From the “Draw Some Awesome” activity station at the NYSCI reception.
he Google Experience for Young Users, Part 1
The Google Experience for Young Users, Part 2
Visual Summaries, Al Fresco (Outside).
We wheeled out some of the visual summaries outside for better light for photos. I liked the way this image came out with people sitting in front!
Anne Balsamo and Eric Siegel
David Monina Sengeh
Young Makers from Sierra Leone
Photos from the “Draw Some Awesome” station at the NYSCI reception:
In the zone.
Artifacts, left behind.
Final note. This conference had a lot of resonance for me as a parent, as a former director of a technology education after school program, and as someone who has worked in the interactive design world. I hope the event was powerful, useful and delightful for you, and that you enjoyed your stay in New York City.
If you are interested in keeping up to date on how I am using visual listening to help support people who are producing great events and projects, feel free to subscribe to my occasional newsletter below.
The Interactive Telecommunications Program at NYU has over 2500 alumni working at the forefront of interactive media, communications, design and art. At long last we are coming together to create a formal alumni association to keep the value of the program alive and vital after we graduated. I graduated from ITP in 2004 and I was delighted to return to the fourth floor to capture the ideas bouncing around the meeting in the form of an information mural. Although many of ITP’s alumni do great stuff after grad school, there are common concerns, like managing student loans and optimizing professional development in a constantly changing technology and professional environment.
I go to a lot of conferences. The Common Ground conference in Baltimore is hands down one of my favorites. The conference is for educators who want to think about how to provide a great learning experience for kids in the 21st century. I provided graphic recording a couple of years ago when the conference had a different name. It was great to be invited back in 2013 to support their event. Since then it has expanded it’s scope and mission. One of the things I really love about the team that puts the event together—they are open to letting me experiment. I took this opportunity to do do visual accompaniment to two presenters, using my iPad to draw sketchnotes in real time and project them, as a kind of organicly growing slide show. Then after the fact, I turned screen recordings of my sketchnotes and turned them into the video recaps below:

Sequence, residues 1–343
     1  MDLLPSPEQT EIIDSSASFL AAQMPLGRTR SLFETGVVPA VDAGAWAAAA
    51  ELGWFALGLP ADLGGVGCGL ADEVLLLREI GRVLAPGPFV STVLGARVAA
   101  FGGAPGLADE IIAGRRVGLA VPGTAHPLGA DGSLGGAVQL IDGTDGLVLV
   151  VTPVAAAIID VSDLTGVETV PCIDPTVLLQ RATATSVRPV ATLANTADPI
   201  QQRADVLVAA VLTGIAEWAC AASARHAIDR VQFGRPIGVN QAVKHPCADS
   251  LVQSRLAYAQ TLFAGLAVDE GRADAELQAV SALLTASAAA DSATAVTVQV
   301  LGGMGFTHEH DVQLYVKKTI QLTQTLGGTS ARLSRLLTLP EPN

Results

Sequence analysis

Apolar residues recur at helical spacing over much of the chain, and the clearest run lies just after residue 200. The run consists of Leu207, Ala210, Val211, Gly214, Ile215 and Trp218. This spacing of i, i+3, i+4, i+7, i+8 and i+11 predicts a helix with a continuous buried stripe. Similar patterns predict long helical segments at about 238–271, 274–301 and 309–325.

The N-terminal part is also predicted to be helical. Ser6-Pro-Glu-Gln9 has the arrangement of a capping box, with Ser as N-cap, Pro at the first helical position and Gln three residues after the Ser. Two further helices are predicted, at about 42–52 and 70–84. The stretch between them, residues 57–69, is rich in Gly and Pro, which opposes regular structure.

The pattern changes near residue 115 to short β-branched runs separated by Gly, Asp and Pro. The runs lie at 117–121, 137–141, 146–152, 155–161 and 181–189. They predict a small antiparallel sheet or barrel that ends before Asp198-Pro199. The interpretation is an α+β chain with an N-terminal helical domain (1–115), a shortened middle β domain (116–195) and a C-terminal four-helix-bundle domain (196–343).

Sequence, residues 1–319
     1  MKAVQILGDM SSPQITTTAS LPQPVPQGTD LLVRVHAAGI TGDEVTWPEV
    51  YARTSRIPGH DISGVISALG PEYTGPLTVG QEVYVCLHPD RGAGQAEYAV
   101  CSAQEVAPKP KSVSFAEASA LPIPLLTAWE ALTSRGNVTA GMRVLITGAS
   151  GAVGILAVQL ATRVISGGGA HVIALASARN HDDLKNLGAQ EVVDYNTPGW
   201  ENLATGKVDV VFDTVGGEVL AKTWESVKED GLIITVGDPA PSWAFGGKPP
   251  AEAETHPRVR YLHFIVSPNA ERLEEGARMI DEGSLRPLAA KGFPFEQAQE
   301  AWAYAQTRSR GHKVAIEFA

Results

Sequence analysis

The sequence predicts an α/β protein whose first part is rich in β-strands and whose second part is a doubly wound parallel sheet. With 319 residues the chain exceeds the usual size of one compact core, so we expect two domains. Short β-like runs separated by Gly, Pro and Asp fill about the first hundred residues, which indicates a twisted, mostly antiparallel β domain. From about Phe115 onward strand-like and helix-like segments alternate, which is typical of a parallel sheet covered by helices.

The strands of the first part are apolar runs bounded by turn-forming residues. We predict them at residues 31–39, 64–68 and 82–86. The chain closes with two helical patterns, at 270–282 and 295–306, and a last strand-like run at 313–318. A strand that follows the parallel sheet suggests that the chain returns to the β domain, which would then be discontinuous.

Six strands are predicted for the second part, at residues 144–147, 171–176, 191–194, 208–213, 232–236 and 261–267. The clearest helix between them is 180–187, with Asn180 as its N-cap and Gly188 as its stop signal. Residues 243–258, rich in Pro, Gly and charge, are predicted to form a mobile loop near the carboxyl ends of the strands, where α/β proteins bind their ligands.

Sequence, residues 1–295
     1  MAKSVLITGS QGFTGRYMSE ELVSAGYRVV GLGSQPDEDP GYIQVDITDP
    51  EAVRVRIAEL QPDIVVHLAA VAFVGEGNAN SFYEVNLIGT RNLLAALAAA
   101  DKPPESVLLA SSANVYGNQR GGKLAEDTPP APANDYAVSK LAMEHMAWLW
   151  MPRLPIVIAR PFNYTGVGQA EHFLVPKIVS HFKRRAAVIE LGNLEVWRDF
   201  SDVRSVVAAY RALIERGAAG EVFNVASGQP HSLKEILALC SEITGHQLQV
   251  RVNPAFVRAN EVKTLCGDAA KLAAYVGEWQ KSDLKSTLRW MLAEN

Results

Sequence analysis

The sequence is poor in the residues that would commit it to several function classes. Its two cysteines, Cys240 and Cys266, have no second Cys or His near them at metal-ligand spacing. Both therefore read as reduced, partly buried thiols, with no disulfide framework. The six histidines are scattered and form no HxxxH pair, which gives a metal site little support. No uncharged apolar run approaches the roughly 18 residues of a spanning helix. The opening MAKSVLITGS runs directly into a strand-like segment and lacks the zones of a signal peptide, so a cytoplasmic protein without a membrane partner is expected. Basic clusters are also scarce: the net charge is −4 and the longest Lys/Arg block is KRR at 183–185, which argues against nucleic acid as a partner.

Classroom Management for the Middle Level Educator- Managing the Madness
This video uses notes I created on an iPad of Jack Berckemeyer‘s hilarious and thought provoking talk about classroom management in a middle school setting. Middle school kids offer unique challenges (and comic relief) for educators. I appreciate that Jack was a good sport and let me do my thing while he gave his talk. On the other hand, if your natural element is middle school, this was probably not that tough for him.This is my interpretation of Jack’s talk. Any mistakes or omissions are mine. For the real thing, go see him in person, or do a YouTube search for his name. Jack is full of insights, practical ideas, and humor about how to make middle school education better.
Building Collaborative School Culture With Data
While the title of Christopher O’Neal‘s talk sounds completely different from Jack’s in the end, they are informed by a common theme—getting people to work together better in order to provide better education for kids. Chris talked about how important it is for principles to model good uses of data and gave several examples of how that might work. He even polled the people in the room to gather data about what we thought was the most important quality we wanted to cultivate in our students. Again, this is video is comprised of my impressions of his talk–any omissions or errors are mine. If you are interested in using data in a humane, powerful way to help build a great culture in your school, you might want to check out Christopher’s book: Data-Driven Decision Making: A Handbook for School Leaders.